Teachers have been known to be problem solvers and, with online learning the method to the continuation of the education of students during the COVID-19 pandemic, St. Augustine’s College information technology (IT) teacher Dauran McNeil said educators make it happen.
“As educators, we are taught to adapt and utilize an array of methods to teach,” said McNeil of the move from in-person teaching to the virtual platform.
He admitted that online teaching has been a “journey” but he views the experience as just another day in the life of a teacher.
“Teachers have been known to be problem solvers and creators of lemonade out of lemons. We make it happen, even though efforts sometimes may go unnoticed,” said McNeil.
Schools suspended face-to-face learning nationwide on March 16, after the first case of coronavirus in-country was confirmed.
With education having to continue, school officials took their student body learning to the internet utilizing various platforms, which McNeil said is amazing, considering it wasn’t an option available to him during his high school years.
“Can you imagine being introduced to online classes in high school as opposed to university? I certainly could not during my high school years. We are living in the online age and such experiences should be embraced, especially by youth. As an IT teacher, it is my personal philosophy to foster and encourage the use of technology in the lives of each student I have the opportunity of teaching.”
The technology teacher who is proficient in the various platforms and applications says he finds using the online platform to educate, exciting.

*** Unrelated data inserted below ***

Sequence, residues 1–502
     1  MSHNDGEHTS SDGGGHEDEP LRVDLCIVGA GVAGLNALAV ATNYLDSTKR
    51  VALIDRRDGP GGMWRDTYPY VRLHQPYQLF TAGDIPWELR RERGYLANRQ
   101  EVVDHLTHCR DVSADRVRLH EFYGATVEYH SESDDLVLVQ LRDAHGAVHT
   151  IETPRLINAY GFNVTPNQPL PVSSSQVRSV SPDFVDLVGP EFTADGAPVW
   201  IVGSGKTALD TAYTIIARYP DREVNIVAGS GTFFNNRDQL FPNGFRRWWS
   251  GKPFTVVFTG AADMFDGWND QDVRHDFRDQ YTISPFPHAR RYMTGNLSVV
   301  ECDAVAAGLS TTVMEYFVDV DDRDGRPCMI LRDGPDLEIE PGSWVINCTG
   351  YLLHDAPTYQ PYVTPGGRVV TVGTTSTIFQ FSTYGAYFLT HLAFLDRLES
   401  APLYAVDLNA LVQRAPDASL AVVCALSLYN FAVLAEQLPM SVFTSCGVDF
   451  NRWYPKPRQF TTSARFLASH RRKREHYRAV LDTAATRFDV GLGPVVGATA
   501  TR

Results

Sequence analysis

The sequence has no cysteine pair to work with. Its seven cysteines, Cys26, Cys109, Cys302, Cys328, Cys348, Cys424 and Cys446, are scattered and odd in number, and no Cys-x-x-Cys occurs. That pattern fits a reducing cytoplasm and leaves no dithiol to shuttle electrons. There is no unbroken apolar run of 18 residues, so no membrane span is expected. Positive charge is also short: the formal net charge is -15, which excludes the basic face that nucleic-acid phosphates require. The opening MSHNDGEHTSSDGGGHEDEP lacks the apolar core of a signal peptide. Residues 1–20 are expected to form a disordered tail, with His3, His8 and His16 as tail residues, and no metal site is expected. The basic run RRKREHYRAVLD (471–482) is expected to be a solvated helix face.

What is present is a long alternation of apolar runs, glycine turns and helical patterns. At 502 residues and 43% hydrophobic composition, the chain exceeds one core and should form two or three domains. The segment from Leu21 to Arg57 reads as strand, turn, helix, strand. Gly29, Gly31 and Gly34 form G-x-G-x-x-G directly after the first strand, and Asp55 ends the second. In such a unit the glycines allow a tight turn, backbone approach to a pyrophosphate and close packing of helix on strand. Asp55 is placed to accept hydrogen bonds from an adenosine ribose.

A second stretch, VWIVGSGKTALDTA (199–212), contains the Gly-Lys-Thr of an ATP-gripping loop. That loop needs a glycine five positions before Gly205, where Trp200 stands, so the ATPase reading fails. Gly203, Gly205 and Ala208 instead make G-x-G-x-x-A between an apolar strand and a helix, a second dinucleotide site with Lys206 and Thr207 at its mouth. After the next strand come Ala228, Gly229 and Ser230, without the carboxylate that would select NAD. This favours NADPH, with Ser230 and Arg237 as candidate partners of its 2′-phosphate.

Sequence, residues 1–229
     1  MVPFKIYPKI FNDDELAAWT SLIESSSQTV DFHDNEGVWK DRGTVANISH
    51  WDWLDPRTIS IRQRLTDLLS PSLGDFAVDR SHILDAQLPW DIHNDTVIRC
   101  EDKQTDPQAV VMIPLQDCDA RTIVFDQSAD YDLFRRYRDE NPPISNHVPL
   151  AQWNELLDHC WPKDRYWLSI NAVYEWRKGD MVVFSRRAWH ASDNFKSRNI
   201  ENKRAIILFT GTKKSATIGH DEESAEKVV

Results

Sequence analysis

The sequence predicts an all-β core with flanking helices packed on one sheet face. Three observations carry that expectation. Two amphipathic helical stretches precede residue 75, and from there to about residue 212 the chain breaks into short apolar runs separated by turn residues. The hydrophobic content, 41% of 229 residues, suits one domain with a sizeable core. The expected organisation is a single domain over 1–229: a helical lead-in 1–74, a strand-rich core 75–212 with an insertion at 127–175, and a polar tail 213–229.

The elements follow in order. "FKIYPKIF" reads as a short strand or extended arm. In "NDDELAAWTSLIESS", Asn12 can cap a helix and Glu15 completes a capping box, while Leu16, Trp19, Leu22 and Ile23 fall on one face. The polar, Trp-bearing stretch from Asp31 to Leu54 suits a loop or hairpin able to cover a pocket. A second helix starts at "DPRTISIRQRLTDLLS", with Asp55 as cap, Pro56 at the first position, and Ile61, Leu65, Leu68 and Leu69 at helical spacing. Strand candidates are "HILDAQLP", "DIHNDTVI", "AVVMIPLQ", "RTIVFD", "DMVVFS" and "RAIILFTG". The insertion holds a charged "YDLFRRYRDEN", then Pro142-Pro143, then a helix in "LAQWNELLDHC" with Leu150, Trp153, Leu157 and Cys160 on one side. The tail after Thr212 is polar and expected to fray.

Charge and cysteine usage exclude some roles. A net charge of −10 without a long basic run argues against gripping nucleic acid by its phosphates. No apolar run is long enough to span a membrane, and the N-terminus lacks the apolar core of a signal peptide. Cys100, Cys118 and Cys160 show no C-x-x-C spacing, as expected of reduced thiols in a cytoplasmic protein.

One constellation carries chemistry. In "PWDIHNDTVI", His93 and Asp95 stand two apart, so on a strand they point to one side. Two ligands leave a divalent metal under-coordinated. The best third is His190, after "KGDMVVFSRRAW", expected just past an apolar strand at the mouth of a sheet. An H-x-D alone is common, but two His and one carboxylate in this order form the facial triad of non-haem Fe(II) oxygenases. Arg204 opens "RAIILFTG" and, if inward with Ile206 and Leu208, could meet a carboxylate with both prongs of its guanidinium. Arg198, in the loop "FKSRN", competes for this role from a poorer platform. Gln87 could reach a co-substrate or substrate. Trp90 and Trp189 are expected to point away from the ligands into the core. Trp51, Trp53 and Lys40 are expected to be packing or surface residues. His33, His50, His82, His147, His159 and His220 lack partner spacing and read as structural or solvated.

“As an online student and a background in technology, it forces you to remain current and up-to-date with the trends in technology.”
With his classes moved online, McNeil continues to teach his regular class schedule, which varies from day-to-day across grades nine through 12.
He says attendance for his virtual classes has been really good.
“I’m proud to say, it’s almost the same as the face-to-face classes,” said McNeil.
And that the lessons are going well and his students are learning.
“I teach information technology, therefore, I am propelled to utilize and explore all means of technology and open applications to enhance the pedagogy and make it the best of the online experience.”
While good, he said the online platform also has its challenges.
“Now, I must admit, when you are using technology, you must always have a backup plan, as there will be challenges. As a result, online learning presents challenges such as low bandwidth and weak internet connection, resulting in interruptions during the online classes. The heavy demand on various learning management system (LMS) and video communication tools may also present delays and interruptions. Therefore, it teaches us, as teachers, students, as well as parents, to have patience.”
The one thing the educator was shocked to learn was the number of students without computing devices, but who he says have the latest mobile devices.
“Ironic enough, the majority of our young people can be seen with the latest mobile phone, which could probably buy two Chromebooks,” said McNeil.
He urged parents to prioritize and get serious about their children’s education. He said the coronavirus experience has shown clearly that education and access to computers must become a necessity in homes before purchasing the latest cellphone.
The first cases of coronavirus were detected in Wuhan, China, in December 2019. The United States confirmed its first case on January 21. The World Health Organization (WHO) declared it a pandemic on January 30.
The Bahamas had 92 confirmed cases of COVID-19, 11 deaths, 26 recovered cases, eight hospitalized cases, 55 active cases and completed 1,500 tests as of yesterday. Worldwide, there were 3,732,046 confirmed cases and 261,517 deaths.